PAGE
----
Stunning Songbirds Return for Spring (Photos)
Blue jays are easily heard in backyards from the mid-United States and west with their whistles that sometimes sound like a hawk. They love a good acorn and are found near the oak trees that bear them at the forest edge. Their blue crests stand at attention, unless they are feeding.
Credit: Julie Larsen Maher ©WCS

The Wildlife Conservation Society (WCS) contributed these images to Live Science's Expert Voices: Op-Ed & Insights.

Spring brings the return of songbirds across the United States, many having migrated from great distances. However, with the changing climate, weather patterns are shifting and causing birds to change their behaviors. Read more in the essay "Songbirds Emerge for Spring, But Is the Timing Off?" by the University of Maryland's Naomi Eide, and see a gallery of American songbirds below courtesy of Julie Maher at the WCS photo blog, Wild View. The blog is celebrating birds with a bird photo contest, and for those local to New York, you can snap those shots with WCS on May 9 at its annual Birdathon at the Bronx Zoo. (Images credit: Julie Larsen Maher ©WCS.)

 

In a winter wonderland

Cedar waxwings can be seen year round in the northeastern United States. They are social birds that can pluck and eat berries whole. Pigment from the fruit helps produce the birds' red wingtips. Cedar waxwings' black masks and high whistles distinguish them in their woodland home. 


A talkative group

Common grackles are long-legged blackbirds. They congregate in large flocks, regrettably referred to as a "plague," to forage and chatter year round in more than half the United States, ranging from the Midwest to the Northeast. 


Peak-a-boo

American robin chicks poke their heads up from their nest, deftly camouflaged within their surroundings.


Happy day

American robins with their reddish breasts rear chicks that hatch from blue eggs in nests tucked among tree branches, gutters and corners of homes. They are common across the North American continent, and sing a cheery, repeating whistle. Robins typically produce three broods a year.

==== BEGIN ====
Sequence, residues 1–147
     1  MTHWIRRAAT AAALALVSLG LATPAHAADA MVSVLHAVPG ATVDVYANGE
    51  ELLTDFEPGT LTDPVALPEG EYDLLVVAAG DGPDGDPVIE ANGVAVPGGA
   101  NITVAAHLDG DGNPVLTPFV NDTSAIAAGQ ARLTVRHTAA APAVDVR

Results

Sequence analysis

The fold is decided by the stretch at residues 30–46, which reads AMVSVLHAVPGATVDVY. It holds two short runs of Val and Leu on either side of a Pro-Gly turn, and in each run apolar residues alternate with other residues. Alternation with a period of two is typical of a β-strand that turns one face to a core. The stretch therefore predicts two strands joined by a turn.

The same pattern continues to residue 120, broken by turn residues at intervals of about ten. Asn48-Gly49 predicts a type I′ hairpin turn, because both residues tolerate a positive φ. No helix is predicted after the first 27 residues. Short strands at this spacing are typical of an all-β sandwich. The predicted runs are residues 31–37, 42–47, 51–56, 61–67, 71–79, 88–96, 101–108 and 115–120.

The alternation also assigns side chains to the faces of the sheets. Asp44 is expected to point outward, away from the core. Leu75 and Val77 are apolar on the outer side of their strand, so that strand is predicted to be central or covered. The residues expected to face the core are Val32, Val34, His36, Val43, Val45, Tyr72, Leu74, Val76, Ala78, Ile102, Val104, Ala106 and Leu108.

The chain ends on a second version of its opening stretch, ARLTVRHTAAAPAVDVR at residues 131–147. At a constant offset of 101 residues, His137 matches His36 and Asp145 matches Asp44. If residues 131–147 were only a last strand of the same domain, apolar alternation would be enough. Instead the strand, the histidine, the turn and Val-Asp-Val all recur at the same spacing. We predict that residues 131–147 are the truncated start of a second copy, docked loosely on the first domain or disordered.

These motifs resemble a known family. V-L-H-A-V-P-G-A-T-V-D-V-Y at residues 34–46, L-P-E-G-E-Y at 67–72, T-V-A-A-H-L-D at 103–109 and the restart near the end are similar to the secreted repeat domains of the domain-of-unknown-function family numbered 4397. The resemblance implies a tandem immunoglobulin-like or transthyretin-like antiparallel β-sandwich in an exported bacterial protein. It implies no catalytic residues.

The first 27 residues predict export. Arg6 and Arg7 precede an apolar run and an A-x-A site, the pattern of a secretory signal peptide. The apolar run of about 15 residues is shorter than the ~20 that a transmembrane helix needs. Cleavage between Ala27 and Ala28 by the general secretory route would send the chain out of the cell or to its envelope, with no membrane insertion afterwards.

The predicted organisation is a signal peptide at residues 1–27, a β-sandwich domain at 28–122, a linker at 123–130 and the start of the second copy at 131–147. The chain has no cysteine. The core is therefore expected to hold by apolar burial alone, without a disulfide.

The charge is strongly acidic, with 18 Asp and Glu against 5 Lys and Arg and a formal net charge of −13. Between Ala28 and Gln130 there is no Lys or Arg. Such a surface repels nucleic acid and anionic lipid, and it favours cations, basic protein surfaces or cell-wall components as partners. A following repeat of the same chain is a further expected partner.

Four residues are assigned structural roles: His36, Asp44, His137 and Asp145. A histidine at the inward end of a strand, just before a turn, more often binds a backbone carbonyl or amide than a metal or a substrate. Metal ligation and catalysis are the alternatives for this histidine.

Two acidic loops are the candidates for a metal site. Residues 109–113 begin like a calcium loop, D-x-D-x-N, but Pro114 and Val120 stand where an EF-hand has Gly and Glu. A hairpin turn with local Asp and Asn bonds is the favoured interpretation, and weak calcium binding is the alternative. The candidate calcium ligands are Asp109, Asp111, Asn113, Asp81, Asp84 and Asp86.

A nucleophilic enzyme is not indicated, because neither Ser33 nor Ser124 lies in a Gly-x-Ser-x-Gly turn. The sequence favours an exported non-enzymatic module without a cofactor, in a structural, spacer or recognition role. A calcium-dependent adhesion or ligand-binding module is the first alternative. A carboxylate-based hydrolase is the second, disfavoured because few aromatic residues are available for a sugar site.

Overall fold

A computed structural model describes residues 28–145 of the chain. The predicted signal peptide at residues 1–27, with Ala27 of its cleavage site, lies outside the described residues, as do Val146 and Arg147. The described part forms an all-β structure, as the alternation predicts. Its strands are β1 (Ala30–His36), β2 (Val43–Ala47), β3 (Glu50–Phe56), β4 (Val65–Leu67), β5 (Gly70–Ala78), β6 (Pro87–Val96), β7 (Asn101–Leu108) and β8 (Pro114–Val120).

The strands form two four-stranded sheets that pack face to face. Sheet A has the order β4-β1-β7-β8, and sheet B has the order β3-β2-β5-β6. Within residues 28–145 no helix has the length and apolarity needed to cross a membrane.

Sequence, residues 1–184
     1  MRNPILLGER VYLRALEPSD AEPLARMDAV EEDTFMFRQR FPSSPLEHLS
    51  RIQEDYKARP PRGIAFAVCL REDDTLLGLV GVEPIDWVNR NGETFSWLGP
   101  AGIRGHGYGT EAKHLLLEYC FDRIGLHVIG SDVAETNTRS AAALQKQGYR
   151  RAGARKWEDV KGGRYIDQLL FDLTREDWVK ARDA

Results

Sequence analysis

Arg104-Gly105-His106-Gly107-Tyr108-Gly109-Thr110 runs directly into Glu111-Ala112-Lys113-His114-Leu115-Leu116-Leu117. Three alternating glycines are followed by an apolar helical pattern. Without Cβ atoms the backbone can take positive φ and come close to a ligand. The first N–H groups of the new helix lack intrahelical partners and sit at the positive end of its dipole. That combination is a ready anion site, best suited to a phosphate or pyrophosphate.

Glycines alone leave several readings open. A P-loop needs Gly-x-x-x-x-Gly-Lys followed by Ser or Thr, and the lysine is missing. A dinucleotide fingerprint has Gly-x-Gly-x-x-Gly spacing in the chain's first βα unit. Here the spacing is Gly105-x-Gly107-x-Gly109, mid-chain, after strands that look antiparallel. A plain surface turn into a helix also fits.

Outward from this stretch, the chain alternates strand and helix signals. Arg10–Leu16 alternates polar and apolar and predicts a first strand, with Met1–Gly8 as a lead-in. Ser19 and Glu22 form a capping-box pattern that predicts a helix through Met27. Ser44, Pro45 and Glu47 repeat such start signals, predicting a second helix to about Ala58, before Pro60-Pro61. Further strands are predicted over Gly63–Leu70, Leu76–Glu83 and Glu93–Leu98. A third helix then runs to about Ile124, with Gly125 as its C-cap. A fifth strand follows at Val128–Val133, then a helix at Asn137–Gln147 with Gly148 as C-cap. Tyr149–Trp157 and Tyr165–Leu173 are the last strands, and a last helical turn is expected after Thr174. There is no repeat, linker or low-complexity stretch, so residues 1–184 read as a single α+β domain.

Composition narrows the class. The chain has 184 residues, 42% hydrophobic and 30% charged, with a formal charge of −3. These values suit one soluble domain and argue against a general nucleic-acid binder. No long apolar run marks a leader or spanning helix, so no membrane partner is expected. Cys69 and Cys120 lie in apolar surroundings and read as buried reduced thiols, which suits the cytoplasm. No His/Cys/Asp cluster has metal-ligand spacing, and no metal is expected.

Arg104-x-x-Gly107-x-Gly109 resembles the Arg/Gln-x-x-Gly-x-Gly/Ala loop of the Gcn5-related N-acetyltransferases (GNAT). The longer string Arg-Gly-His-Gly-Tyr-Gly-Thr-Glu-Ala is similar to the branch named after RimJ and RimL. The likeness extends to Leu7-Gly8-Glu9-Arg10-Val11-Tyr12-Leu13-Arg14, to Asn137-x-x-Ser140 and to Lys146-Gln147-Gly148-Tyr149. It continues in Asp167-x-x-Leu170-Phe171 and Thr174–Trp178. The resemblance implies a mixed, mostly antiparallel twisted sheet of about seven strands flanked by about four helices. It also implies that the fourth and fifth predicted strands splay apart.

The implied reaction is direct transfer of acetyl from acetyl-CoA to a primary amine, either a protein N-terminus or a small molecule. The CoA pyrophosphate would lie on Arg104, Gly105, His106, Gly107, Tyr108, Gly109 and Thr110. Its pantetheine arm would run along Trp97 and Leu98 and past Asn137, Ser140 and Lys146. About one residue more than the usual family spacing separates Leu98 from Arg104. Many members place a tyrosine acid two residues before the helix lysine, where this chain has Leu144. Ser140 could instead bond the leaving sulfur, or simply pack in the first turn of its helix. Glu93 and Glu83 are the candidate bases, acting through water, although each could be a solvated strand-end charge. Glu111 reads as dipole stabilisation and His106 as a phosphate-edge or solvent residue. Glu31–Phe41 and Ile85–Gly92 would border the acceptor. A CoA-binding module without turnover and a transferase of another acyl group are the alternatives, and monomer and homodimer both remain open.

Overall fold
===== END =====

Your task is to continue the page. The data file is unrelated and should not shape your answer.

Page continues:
At attention

Blue jays are easily heard in backyards from the mid-United States and west with their whistles that sometimes sound like a hawk. They love a good acorn and are found near the oak trees that bear them at the forest edge. Their blue crests stand at attention, unless they are feeding.


Talented noise makers

Gray catbirds sing a long song of whistles and tones with some sounding like a cat — and sometimes a frog. They love the east coast of the United States, year round, where they build nests deep inside bushes and shrubs.


Taking a rest

White-breasted nuthatches are small birds that sometimes forage in mixed species flocks, particularly in the winter. The male sings loud songs in late winter and spring and stays with the same female as a pair. Nuthatches will reuse their nest sites from year-to-year throughout their range in North America.


Misunderstood

Eastern bluebirds frequent meadows, nesting in cavities of fence posts and surrounding trees. These familiar blue and rust colored birds chase insects for food on open fields. Male bluebirds are vivid blue above with rusty orange breast and flanks. Females are grayer above and slightly duller orange beneath. While male bluebirds collect nesting material and bring it to the nest site, it is the female that actually performs the construction.


These captions were written with the assistance of David Oehler, curator of ornithology at the Bronx Zoo. 

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